No evidence of renal effects of an immunoglobulin abnormality
In 31 cases, there was no detectable effect of a paraprotein in the kidney and no immunohistological disproportion between κ and λ. The commonest diagnoses were diabetic glomerulopathy (6), membranous nephropathy (4) and chronic ischaemic damage (4).
No immunoglobulin abnormality
Excluding 12 amyloid cases, 63 biopsies were from patients without an immunoglobulin abnormality as defined above, although many had immunoglobulin deposits, shown by antibodies to heavy chains. In 62 there was no disproportion between κ and λ on immunohistology. One showed subendothelial membranoproliferative glomerulonephritis with more κ than λ in glomerular deposits, without evidence of a monoclonal gammopathy.
Immunofluorescence on frozen sections and immunoperoxidase or immunofluorescence on paraffin sections rarely show complete concordance in detection of light chain deposition. Which method gives the correct or more clinically relevant finding is undetermined.6–9 The discrepancies in our study were minor and of uncertain clinical significance.
Comparison on paraffin sections between free light chain and conventional antibodies showed that differences were due to the antibodies, not pretreatments. The free light chain antibodies did not detect whole immunoglobulins and were more sensitive than conventional antibodies (table 1). Light chains in deposits were readily differentiated from background. The free light chain antibodies were better at typing AL amyloid, giving stronger and generally unequivocal staining (figures 3, 4; table 2). Two of 28 cases (7%) of AL amyloid were missed, although to different extents all antibodies to light chains miss cases of AL amyloid, up to 35% in one series.14 ,16 ,17 Some cases of AL amyloid will still need other investigations for definitive diagnosis, such as laser microdissection of sections and mass spectrometry.17 ,18 Reactivity of amyloid with multiple antibodies has been reported, for instance in 34% of biopsies with AA amyloid,19 and two of our 41 amyloid cases (5%) showed ambiguous immunostaining for both free κ and amyloid A. Four amyloid cases (10%) therefore showed discordance between clinical and immunohistological findings, overlooking one case with a paraprotein but confirmed to be AA amyloid.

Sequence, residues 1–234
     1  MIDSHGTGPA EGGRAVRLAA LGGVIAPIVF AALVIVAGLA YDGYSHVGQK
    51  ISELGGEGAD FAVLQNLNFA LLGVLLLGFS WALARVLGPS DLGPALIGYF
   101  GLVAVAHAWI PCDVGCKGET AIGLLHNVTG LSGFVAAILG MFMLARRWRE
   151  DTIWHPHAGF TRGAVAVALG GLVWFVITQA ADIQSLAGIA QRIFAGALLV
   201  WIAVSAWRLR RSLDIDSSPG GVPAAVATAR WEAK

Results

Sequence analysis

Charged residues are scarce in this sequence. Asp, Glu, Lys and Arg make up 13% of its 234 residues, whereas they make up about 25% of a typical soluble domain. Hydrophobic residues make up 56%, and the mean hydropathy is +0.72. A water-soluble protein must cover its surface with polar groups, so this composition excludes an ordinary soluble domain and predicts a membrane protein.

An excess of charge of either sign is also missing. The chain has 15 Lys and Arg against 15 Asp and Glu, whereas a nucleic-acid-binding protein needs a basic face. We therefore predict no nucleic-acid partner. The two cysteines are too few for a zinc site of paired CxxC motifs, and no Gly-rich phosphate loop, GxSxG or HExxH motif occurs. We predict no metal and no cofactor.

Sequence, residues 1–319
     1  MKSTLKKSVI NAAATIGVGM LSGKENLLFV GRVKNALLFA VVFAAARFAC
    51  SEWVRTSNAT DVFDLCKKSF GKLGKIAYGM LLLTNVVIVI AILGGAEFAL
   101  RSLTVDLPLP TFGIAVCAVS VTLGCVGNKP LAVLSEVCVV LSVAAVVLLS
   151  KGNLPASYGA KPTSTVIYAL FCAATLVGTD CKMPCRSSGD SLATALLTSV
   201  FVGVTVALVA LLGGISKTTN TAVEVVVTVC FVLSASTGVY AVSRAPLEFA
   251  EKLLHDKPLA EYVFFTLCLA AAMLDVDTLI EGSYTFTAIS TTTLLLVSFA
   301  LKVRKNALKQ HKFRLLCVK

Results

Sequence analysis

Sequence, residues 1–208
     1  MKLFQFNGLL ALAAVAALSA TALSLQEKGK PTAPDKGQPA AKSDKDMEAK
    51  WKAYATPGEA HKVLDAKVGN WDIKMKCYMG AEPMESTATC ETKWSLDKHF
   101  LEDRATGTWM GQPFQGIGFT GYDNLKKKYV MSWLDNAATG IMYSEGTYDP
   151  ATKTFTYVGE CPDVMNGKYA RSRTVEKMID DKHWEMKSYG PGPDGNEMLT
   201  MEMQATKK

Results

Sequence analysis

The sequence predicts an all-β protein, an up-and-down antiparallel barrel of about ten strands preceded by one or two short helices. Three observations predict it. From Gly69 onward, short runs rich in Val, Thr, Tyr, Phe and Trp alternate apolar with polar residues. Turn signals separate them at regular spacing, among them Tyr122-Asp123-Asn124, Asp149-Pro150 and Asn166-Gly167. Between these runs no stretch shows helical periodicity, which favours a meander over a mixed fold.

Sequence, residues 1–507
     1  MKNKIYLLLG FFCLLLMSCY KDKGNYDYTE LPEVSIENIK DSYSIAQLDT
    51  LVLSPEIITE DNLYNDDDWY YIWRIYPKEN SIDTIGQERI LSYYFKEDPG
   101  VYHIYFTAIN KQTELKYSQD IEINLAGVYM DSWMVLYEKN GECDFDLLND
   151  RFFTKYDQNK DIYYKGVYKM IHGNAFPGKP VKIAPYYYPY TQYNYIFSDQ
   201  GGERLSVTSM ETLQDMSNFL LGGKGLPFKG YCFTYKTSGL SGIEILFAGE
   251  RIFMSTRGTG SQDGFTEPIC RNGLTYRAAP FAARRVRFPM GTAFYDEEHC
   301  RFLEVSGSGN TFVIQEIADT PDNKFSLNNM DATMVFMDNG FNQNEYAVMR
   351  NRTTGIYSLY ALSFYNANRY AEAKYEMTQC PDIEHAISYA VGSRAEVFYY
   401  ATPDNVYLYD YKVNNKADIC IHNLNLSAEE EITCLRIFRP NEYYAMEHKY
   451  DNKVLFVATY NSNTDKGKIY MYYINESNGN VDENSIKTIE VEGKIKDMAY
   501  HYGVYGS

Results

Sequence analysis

The free light chain antibodies were useful in confirmation of deposition disease, with complete concordance, and usually of cryoglobulinaemic glomerulonephritis (figures 7, 8). The discordant case of type II cryoglobulinaemia, with mixed monoclonal IgM and polyclonal IgG, may have had insufficient excess of free light chains to be detectable. In type III cryoglobulinaemia, with polyclonal deposits, no excess of one free light chain would be expected, and was not considered discordant. There was little difference between free light chain and conventional antibodies in detection of light chains in cast nephropathy. The failure of free light chain antibodies to show an excess of one light chain in one of 33 cases (3%) may be because in virtually every case of cast nephropathy both light chains are found (figures 5, 6), and a small excess of one may be undetectable.
The free light chain method was developed to detect deposits rather than intracellular or surface immunoglobulins, and neoplastic infiltrates can be investigated in other ways.20 There was no deposition of free light chains in 32 cases with a monoclonal gammopathy but without diagnosable renal effects, including one case of AA amyloid (29% of those with immunoglobulin abnormalities). Similarly, 27% of patients with myeloma3 and 63% with a monoclonal gammopathy1 had no evidence of renal lesions related to a paraprotein. Accordingly, only seven of 185 cases (4%) were considered discordant: four amyloid, one cryoglobulinaemia, one light chain cast nephropathy, and one glomerulonephritis with excess κ deposition but no gammopathy.
Polyclonal free light chain antibodies are of practical use in the study of renal biopsies and have advantages over conventional light chain antibodies. Methods are similar and overall costs are also likely to be similar.
Take home messages
Polyclonal antibodies to free light chains are an improvement on conventional antibodies to light chains in the immunoperoxidase study of paraffin sections of renal biopsy specimens, giving a cleaner background and sharper discrimination of sites of deposition.
These antibodies are more sensitive than conventional antibodies in the detection of cases of immunological disorders in the kidney such as AL amyloid, light chain deposition disease and cryoglobulinaemic glomerulonephritis.
We are grateful to The Binding Site Group Ltd (UK) (http://www.thebindingsite.com/) for the antibodies to free light chains.
Contributors MPOC and AJH planned the study, analysed the immunoperoxidase findings and wrote initial drafts of the paper. RS developed and performed the free light chain immunostaining. HTC and CAR analysed the immunofluorescence findings. JDG and JAG performed and analysed the immunostaining at NAC. CAH collaborated with The Binding Site Group Ltd (UK) to obtain the antibodies to free light chains. All authors contributed to revisions of the manuscript and approved the final version.
Competing interests CAH reports grants and personal fees from The Binding Site Group Ltd (UK) outside the submitted work.
Ethics approval NRES Committee London (Hampstead).
Provenance and peer review Not commissioned; externally peer reviewed.